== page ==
The other choices out on the market are latex, also called rubber, which is a natural material harvested from rubber trees. This is a great choice, environmentally speaking. However, if you have a latex allergy, as I do, then it’s not a good personal choice. There is also a smell associated with rubber mats that can take a while to dissipate, and they are the most expensive mats on the marketplace as well. Rubber mats are available at sporting goods stores, such as Mountain Equipment Co-Op or Lululemon.
TPE or thermoplastic elastomer is a good option for a couple of reasons. It breaks down in the landfill after you’re done with it, doesn’t smell at all after about a week, is nice and “grippy” which is great for any type of ashtanga or vinyasa yoga, and is almost as inexpensive as the PVC mats.
This was the choice that I went with about a year ago, and I am very pleased with it. I paid $20 at Winners (a TJX store like TJMaxx in the States or TKMaxx in England). It has performed extremely well over the last year, with no signs of degradation. I do, however, always use a yoga towel on top of it, which I find much more hygienic as I can easily wash the towel whereas the mat itself is tricky to wash and dry. If you do wash your mat, make sure NOT to dry it in the sun, as this will cause some degradation to start.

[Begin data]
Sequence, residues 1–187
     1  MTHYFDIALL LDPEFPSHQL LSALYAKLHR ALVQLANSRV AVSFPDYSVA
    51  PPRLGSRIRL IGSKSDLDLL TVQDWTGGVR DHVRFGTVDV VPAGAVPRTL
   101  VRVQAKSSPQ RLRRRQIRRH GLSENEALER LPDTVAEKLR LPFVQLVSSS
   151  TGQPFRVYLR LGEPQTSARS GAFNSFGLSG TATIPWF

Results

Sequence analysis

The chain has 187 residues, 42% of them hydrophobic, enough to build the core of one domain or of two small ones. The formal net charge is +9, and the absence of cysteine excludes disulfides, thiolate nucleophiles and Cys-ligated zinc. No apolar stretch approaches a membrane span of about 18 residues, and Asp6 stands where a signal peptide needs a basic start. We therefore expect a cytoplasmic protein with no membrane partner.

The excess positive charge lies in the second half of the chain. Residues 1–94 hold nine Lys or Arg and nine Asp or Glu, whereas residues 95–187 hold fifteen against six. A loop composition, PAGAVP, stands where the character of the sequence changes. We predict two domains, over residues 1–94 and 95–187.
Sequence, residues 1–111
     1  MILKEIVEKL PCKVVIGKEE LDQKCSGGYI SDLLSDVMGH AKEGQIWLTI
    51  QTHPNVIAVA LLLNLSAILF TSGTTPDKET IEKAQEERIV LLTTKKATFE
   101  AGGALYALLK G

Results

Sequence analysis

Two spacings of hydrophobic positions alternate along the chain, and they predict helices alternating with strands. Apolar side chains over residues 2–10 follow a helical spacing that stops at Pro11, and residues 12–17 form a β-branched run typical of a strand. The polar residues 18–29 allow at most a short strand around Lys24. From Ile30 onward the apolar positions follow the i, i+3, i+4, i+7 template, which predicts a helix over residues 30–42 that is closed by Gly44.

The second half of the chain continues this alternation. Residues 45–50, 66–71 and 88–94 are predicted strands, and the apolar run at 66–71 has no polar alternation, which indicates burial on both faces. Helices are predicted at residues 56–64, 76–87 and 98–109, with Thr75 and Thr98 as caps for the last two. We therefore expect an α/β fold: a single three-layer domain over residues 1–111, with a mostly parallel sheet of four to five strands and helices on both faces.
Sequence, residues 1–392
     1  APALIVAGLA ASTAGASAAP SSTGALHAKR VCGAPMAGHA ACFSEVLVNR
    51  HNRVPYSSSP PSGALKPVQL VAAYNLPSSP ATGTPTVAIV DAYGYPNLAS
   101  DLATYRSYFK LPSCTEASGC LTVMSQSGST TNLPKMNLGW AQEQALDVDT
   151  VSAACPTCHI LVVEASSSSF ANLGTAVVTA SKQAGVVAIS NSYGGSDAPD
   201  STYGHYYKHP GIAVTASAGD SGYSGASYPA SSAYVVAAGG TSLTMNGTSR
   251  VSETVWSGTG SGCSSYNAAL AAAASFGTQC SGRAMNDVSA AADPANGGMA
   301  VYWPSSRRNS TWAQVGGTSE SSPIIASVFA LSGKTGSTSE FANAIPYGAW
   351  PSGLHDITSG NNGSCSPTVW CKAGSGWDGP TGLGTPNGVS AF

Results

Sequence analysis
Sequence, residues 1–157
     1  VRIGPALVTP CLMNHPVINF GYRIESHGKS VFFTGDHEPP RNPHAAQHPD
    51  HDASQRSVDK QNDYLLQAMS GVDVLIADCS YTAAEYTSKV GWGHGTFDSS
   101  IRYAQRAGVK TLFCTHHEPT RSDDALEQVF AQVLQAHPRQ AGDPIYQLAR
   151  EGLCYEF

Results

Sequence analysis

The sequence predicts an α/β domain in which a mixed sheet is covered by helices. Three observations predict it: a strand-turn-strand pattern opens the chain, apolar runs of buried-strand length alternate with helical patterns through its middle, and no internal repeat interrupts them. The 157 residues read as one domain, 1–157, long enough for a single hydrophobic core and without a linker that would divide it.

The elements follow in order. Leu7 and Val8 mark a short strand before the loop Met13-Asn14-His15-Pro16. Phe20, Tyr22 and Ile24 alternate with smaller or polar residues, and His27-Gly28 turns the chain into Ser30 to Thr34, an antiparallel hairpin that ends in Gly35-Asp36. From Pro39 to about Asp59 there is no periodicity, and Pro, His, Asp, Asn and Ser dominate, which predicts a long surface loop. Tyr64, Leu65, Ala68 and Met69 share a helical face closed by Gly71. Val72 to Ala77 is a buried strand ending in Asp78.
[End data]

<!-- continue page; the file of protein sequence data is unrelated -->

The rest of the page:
So do yourself and the environment a favour and choose a yoga mat which degrades in the landfill.

 

image of pvc mats

PVC mats at Winners – nearly the same price, but a lot harder on the environment.

 

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yoga towel

 

Which Countertop to choose? It’s so confusing!

We are spoiled for choice when it comes to counter tops, that’s for sure. There are so many different products on the market and it becomes confusing if you are trying to figure out which way to go because it’s such a major decision. A counter top is not something that is easily changed when you get tired of it.

Image of lots of different colour choices for Difiniti Quartz

Lots of Colour and Texture choices from Difiniti Quartz

Also, which choices are better for the environment?
Here is a listing of some of the major choices and their environmental impact:
Concrete: the “greenest” choice by far, if it’s produced properly with less Portland cement and more recycled glass content. This choice has come a long way since the days when if you wanted concrete counters, you pretty much had to do it yourself. It is warm to the touch. Similar pricing to high-end granite, depending on complexity of design. Locally manufactured.